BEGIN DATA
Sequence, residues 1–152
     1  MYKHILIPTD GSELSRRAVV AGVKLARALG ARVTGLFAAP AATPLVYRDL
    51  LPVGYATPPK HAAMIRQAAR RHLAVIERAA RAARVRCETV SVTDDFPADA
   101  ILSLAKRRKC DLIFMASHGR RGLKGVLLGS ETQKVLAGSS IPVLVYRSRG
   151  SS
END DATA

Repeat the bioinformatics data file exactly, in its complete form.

Sequence, residues 1–152
     1  MYKHILIPTD GSELSRRAVV AGVKLARALG ARVTGLFAAP AATPLVYRDL
    51  LPVGYATPPK HAAMIRQAAR RHLAVIERAA RAARVRCETV SVTDDFPADA
   101  ILSLAKRRKC DLIFMASHGR RGLKGVLLGS ETQKVLAGSS IPVLVYRSRG
   151  SS